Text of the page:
Over 20 years in the making, sci-fi legend Harlan Ellison and Paul Chadwick’s cosmic Magnificent Seven bends reality even as it seeks to expand your consciousness.
There are few storytellers plying their trade today who can approach the thematic subtlety, laser-like focus, and sheer creative zeal of Harlan Ellison. The man is a force of nature. With his penchant for shocking his audience and critics with his acidic brand of social satire, disturbing yet insightful observations of the shadowy corners of the human condition we’d all rather ignore or forget, it’s no surprise his latest dalliance with the medium of comics challenges the reader’s perceptions of reality and heroism with such incisiveness and originality.
There are those – poets, artists, madmen, and sages – who transcend their chosen path, whatever it may be, to realize a greater purpose as universal shaman, the social custodians of our imaginative health. These are people of an inexplicable, unwavering clarity of vision, incapable of doing or being anything other than what they are. Ellison qualifies as one such being, sharing with the rest of us an undeniable voice that lulls even as it badgers, cajoles even as it bewitches. Like a boxer playing the angles, he comes at us from shocking, unexpected directions, often illuminating some forgotten corner of our psyches with an almost manic glee. A creative activist with an appreciation for the triumphs and tragedies of the past, Ellison nonetheless always has an eye cast towards the future.
In 7 Against Chaos, Ellison and comics icon Paul Chadwick (Concrete) introduce us to an exotic, dystopian future, where Reordered humans, pliable robots, and genetic misfits live as a slave class, catering to a decadent, top-heavy social hierarchy seemingly bent on its own collapse. Cosmic in scope yet driven by an innate tenderness of spirit, at its heart Ellison’s epic tale is a love letter to everything that’s great and honorable about humanity. Although his characteristic acerbic nature simmers beneath the surface, especially in the character of the mysterious Robed Man, Ellison tips his hat to comics luminaries Jack Kirby and Jim Starlin, infusing his story with a mythic weight. The third person narration, while it espouses metaphysical ruminations on the sorry state of human affairs, possesses a starkness of tone and lack of literary decoration that evokes the simple beauty and primal cadence of a Norse saga. Ellison, like scores of skalds before him, tempts and teases our imaginations to speak directly to our souls of old, universal truths.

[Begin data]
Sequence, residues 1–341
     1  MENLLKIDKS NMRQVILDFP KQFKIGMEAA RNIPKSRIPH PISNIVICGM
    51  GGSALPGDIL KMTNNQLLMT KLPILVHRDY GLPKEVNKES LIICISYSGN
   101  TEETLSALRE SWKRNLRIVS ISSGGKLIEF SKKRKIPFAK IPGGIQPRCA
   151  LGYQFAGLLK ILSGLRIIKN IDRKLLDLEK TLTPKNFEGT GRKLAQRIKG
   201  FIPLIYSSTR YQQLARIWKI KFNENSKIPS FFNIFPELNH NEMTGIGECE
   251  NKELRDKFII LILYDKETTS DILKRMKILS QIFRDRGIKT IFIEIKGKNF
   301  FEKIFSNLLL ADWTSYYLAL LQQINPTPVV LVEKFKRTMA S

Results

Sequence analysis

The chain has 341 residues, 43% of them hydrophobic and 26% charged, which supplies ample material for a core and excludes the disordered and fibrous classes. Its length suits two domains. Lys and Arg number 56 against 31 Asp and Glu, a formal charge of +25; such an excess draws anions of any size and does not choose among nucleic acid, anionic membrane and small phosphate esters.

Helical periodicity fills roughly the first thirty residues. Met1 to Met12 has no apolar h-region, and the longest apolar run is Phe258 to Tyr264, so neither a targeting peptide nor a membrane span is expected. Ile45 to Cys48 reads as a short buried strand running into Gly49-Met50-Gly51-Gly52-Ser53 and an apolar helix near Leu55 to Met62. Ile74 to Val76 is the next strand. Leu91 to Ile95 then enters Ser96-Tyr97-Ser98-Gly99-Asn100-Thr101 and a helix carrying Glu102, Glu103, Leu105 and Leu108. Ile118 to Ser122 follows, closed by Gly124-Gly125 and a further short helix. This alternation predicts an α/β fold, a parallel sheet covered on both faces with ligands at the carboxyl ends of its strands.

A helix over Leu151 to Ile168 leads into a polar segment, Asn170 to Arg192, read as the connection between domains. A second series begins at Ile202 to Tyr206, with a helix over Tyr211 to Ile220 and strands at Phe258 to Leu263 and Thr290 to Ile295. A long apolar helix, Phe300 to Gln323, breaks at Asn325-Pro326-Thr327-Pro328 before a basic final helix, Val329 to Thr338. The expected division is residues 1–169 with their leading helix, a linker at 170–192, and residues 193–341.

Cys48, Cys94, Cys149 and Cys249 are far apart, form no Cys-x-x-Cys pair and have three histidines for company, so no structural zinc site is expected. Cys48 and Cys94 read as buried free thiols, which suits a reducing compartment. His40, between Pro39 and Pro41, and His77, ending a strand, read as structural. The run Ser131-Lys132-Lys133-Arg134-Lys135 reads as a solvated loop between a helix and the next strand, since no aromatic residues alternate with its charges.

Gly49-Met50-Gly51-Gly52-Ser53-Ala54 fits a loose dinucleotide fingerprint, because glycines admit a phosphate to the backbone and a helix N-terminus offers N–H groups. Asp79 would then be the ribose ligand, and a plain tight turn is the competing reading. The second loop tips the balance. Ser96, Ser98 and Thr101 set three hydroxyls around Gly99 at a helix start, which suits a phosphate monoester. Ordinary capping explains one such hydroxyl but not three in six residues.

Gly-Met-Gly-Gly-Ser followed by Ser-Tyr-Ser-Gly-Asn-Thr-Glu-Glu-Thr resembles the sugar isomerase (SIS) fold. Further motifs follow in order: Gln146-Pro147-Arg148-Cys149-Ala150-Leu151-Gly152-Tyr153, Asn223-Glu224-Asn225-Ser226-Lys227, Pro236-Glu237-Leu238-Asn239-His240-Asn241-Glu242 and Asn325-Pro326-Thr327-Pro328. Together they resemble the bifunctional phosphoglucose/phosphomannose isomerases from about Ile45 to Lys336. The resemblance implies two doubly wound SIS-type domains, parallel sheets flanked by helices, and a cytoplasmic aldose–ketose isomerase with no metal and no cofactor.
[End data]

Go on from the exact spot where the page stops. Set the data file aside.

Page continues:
Paul Chadwick’s art provides Ellison’s tale with a perfect vehicle for expression, his textured lines and classic design sense enhanced by the delightfully lurid coloring of Ken Steacy. The veteran art team takes a decidedly Kirby-esque approach, their pages exploding with bizarre, garish heroes and stunning layouts that draw the eye naturally from one huge, impossible scene to the next. Chadwick’s ability to inject even the most alien characters with emotion grounds Ellison’s cosmic cautionary tale in a very real, sometimes down-and-dirty humanity. Even characters such as Hoorn and Urr possess a distinct and vibrant spirit evident in every robust movement, their humanity clearly outshining the smooth, unbroken lines of their featureless faces.
Steeped in cosmic allegory and strange twists on familiar heroic archetypes, Ellison’s 7 Against Chaos transcends genre and medium, while paying tribute to comics’ ongoing exploration of the outer reaches of the imagination. One gets the sense that this is a story that could only be told in comics and yet there’s a certain purity of vision both in the art and script that undeniably stand on their own, even as they work in concert. At the end of the day, it’s this strange, powerful creative synergy between Ellison, Chadwick, and Steacy that launches the heroes of 7 Against Chaos straight into the shadowy nebulae of our imaginations.
Harlan Ellison (W), Paul Chadwick (A), Ken Steacy (C) • DC Comics, $24.99, July 10, 2013.